Railway did eventually open in 1872.
The North British Railway (Lasswade and Branches) Act 1865 gave the NBR powers to construct a line from the unfinished EVR at Lasswade swinging north and west of Loanhead to Penicuik. This line was also planned to join the Edinburgh & Glasgow Railway to give access to the west. The powers were never taken up, although a branch to Penicuik from the Peebles
The Esk Valley Railway finally opened on 16 April 1867 with one intermediate station at Bonnyrigg. As both the EVR and the PR had their own tracks between the north-facing Esk Valley Junction and Harden Green Junction the two companies came to an agreement to share the two lines operating both as a section of double-track line.
There were issues over station names. Before the branch opened, the NBR wanted to call the first station Bonnyrigg as it was closer to the town centre than Bonnyrigg station on the Peebles Railway. The PR were reluctant to change the name of their station despite protests from the NBR, claiming that a name change would confuse passengers. The PR were eventually persuaded to reconsider, and the PR station became Bonnyrigg Road in December 1866. As predicted by the PR passengers were confused, and the EVR station was renamed Broomieknowe on 1 August 1868. After pressure from the NBR a second intermediate station was opened at Lasswade just under half-a-mile west of Broomieknowe on 12 October 1868. After operating the line from the start the North British absorbed the Esk Valley Railway on 13 July 1871.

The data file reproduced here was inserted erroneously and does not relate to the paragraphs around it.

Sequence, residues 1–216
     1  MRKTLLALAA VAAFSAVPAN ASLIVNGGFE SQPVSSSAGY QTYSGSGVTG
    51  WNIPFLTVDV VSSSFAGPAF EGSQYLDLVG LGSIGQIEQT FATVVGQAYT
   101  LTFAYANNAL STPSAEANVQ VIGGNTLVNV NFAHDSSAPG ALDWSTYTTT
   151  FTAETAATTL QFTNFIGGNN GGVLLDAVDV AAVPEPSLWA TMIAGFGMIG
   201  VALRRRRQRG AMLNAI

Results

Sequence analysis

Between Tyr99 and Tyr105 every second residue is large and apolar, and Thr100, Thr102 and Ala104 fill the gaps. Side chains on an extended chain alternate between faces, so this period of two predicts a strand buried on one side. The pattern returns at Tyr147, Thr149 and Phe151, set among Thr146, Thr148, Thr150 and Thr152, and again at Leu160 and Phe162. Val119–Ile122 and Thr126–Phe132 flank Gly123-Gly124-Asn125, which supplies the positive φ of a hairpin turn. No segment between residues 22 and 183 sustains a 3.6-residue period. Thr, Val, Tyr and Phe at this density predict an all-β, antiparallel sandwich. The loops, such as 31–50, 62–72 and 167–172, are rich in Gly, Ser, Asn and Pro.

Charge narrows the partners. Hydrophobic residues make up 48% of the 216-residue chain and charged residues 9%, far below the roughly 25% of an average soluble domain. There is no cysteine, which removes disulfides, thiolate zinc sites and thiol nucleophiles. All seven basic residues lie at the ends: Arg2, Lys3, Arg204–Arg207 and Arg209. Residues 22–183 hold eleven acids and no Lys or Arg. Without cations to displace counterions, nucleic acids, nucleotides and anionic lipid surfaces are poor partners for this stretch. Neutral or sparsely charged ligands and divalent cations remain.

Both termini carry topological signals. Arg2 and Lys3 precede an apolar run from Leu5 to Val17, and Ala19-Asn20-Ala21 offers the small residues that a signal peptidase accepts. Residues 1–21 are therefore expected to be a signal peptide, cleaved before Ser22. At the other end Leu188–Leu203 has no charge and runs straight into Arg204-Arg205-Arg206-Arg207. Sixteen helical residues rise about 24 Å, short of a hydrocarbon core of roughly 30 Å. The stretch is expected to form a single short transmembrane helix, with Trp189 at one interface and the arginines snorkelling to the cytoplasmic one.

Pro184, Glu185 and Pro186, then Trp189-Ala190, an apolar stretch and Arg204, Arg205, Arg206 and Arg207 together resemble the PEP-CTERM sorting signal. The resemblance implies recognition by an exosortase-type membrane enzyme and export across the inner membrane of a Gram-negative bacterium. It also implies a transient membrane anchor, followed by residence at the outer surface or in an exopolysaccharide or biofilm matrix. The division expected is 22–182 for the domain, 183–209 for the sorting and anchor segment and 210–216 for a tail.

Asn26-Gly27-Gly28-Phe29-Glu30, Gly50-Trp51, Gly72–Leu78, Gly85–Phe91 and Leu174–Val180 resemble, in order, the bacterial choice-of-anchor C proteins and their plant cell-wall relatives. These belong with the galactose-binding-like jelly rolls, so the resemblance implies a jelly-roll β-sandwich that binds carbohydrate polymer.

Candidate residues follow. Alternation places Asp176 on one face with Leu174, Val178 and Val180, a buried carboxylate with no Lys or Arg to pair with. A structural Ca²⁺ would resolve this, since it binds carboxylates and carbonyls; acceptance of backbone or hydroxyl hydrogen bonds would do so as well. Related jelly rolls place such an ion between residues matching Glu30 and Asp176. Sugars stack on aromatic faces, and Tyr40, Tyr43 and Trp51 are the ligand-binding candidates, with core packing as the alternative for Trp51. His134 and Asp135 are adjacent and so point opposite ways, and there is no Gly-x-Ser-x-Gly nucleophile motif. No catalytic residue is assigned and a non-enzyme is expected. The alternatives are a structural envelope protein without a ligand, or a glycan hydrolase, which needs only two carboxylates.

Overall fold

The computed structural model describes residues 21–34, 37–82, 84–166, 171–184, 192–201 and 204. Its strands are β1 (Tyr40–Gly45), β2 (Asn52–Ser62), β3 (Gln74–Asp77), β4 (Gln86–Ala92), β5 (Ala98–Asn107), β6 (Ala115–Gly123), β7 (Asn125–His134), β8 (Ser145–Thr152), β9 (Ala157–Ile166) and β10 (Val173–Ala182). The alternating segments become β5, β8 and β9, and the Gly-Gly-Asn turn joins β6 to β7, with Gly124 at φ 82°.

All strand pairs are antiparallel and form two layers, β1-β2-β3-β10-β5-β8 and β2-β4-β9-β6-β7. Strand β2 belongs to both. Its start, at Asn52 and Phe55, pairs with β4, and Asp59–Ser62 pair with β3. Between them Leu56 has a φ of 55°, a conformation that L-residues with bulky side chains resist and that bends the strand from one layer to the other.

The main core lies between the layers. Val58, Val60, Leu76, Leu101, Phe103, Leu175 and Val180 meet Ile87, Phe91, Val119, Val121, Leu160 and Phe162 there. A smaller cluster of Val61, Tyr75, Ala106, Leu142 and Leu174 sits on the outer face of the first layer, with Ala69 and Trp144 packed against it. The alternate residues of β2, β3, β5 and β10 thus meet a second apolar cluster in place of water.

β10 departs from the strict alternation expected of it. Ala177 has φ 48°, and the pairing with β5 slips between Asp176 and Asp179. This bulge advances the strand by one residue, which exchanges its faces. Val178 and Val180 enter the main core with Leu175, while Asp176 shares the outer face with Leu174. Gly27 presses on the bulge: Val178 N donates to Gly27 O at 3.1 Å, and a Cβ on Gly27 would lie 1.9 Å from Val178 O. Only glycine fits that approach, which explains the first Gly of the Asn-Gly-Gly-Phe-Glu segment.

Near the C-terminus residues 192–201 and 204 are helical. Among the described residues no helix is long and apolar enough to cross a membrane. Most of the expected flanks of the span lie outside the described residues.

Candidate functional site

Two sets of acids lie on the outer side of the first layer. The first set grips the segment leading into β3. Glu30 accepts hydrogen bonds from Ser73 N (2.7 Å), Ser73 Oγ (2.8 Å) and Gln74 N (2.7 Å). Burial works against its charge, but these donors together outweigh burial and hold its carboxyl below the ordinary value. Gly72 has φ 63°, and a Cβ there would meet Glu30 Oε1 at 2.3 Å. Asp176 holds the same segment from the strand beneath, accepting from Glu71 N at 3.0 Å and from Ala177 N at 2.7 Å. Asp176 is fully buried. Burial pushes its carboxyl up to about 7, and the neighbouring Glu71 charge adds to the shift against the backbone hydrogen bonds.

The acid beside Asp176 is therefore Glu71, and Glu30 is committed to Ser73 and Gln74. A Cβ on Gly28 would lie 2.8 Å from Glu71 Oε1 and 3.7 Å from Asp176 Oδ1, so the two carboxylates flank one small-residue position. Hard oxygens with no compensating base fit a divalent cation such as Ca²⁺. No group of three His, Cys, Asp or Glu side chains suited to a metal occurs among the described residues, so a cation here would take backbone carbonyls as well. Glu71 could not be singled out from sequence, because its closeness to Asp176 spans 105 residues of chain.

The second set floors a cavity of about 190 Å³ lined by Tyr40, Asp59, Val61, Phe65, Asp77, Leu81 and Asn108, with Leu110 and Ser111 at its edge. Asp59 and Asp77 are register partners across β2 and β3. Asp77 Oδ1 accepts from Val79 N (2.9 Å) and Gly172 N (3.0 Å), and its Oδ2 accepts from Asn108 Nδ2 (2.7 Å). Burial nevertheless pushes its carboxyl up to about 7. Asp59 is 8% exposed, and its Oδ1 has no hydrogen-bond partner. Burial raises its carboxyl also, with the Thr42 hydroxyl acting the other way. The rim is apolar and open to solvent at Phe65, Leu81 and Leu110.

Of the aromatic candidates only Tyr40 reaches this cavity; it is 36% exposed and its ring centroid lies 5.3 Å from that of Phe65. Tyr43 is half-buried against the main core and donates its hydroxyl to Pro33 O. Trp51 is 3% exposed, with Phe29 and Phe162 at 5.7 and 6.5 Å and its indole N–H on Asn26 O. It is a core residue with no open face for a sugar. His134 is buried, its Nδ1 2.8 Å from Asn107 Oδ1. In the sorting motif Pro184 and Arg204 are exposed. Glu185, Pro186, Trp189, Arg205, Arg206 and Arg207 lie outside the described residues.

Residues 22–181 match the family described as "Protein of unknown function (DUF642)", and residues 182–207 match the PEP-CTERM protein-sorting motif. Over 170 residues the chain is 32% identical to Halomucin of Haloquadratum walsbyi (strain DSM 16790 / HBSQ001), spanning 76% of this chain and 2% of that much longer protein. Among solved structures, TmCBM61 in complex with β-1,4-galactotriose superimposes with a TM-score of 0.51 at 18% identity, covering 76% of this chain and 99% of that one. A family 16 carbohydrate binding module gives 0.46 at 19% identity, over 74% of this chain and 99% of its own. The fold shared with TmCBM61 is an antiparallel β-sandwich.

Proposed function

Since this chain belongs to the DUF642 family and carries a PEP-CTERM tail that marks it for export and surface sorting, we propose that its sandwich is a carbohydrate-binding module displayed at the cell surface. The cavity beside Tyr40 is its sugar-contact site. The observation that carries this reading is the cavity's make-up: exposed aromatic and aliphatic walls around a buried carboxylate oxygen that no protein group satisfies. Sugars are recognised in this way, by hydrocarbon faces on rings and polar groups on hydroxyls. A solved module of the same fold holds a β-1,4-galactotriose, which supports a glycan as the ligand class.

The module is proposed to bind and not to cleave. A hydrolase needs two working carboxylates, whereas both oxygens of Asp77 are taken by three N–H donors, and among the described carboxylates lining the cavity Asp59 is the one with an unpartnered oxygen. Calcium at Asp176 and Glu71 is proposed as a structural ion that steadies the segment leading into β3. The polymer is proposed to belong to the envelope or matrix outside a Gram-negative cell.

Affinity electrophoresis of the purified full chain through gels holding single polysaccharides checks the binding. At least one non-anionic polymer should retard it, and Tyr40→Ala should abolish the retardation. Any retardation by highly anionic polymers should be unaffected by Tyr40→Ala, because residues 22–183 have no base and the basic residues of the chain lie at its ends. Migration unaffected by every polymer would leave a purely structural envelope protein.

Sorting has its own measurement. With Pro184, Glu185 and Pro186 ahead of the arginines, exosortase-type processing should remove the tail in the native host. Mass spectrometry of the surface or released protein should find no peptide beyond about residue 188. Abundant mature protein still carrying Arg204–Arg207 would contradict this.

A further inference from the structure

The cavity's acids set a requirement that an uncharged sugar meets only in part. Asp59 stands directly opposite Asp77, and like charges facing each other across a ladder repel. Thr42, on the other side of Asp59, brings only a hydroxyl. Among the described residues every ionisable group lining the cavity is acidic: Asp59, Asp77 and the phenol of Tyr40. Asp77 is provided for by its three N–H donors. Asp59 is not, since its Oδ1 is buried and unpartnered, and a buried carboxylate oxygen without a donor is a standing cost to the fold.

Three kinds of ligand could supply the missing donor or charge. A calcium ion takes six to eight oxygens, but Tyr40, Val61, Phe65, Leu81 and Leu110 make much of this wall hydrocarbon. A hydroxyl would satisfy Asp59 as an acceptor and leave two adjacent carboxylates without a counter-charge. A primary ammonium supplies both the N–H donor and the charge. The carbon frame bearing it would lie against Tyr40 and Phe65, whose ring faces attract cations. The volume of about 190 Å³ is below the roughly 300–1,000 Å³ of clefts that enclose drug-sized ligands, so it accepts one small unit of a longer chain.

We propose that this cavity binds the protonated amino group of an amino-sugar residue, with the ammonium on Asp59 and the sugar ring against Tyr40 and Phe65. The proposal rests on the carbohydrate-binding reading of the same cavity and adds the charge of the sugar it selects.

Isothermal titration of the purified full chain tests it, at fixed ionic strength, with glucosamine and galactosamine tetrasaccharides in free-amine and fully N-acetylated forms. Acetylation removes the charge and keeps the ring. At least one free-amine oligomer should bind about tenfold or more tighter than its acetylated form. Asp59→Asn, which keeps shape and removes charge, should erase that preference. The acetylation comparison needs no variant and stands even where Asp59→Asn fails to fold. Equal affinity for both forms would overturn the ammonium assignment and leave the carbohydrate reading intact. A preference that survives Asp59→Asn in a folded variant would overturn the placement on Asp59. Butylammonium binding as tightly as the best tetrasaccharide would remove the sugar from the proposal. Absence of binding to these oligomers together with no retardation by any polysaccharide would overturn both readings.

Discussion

In 1887 there were six daily trains in each direction between Edinburgh Waverley and Polton. There was, however, no early morning train: the first departure from Edinburgh was at 9.25am with a journey time between Eskbank and Polton of 12 minutes. There was no Sunday service. By 1922 there was one additional service leaving Edinburgh at 7.00am
By 1950 there were still six trains in each direction, but by this time they carried very few passengers, and the line closed to passengers on 10 September 1951. It remained open for goods traffic until 18 May 1964 following the run down of the mills. Springfield Mill finally closed in the late 1960s.
The course of the Esk Valley Railway is traceable for much of its length although no part of it has been designated as a public footpath. The tunnel at Lasswade has been bricked up (with a locked door) at both ends although both portals are fairly easily accessible. Lasswade Viaduct is Grade B listed and is not accessible.
Ticket from Michael Stewart, route map drawn by Alan Young.
To see other stations on the Esk Valley Railway click on the station name:
Broomieknowe & Lasswade